Darren said, “A routine is something you do every day without fail, so that eventually, like brushing your teeth or putting on your seatbelt, you do it without conscious thought. Just as investments compound over time, so do our daily actions. If they are good they take us down one path. If they are bad or destructive, they take us down a completely different path.”
Darren defines the Compound Effect this way: “It’s the principle of reaping huge rewards from a series of small, smart choices. Success is earned in the moment to moment decisions that in themselves make no visible difference whatsoever, but the accumulated compounding effect is profound.”
If you want to save money so you can enjoy your retirement, consider the compounding effect of spending $4 a day on coffee. If you choose to invest $4 a day at 8% interest rather than spending it on a cup of coffee it would result in $51,833.79 in 20 years. The same result could also be reached by making your own lunches rather than eating out. Do both and you will have saved an extra $100,000.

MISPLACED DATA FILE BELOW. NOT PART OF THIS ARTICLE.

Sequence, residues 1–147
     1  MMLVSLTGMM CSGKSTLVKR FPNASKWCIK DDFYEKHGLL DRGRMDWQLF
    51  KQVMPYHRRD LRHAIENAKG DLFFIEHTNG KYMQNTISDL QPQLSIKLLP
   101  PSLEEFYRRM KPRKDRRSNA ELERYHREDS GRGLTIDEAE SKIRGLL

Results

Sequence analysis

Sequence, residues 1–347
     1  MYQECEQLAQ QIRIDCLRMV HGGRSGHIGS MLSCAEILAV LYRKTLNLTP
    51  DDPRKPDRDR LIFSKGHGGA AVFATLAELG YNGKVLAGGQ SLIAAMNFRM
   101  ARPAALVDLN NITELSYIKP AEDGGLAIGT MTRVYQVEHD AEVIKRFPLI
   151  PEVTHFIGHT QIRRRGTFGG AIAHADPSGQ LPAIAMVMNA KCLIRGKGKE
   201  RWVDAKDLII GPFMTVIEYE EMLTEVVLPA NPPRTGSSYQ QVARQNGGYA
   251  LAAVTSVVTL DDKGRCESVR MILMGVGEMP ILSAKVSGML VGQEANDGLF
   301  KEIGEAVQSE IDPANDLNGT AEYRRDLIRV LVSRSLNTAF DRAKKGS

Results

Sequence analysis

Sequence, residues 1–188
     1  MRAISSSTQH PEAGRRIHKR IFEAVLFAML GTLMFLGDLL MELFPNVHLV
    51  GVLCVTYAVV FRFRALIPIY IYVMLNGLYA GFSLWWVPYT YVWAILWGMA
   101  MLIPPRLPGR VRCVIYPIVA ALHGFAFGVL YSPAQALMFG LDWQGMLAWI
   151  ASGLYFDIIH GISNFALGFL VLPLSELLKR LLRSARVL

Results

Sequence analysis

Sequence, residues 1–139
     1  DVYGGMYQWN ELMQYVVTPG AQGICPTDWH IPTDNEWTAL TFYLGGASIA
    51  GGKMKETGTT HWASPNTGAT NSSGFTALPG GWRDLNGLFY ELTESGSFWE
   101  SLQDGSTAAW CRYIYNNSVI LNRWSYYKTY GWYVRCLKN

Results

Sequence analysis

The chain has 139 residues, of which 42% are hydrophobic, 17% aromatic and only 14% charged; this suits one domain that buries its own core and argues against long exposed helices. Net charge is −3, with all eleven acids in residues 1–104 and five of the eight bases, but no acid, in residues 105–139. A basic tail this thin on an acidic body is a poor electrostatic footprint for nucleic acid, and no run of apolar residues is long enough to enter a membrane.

Patience is the Answer
In order for the compound effect to work, you need to be patient. Most of these daily changes won’t provide immediate results. If you reduce your calories by 150 today, you won’t see a difference today or even this week. The same is true with working out. You can go bust your butt at the gym and you won’t see results today or this week. These daily disciplines must be given time to produce results.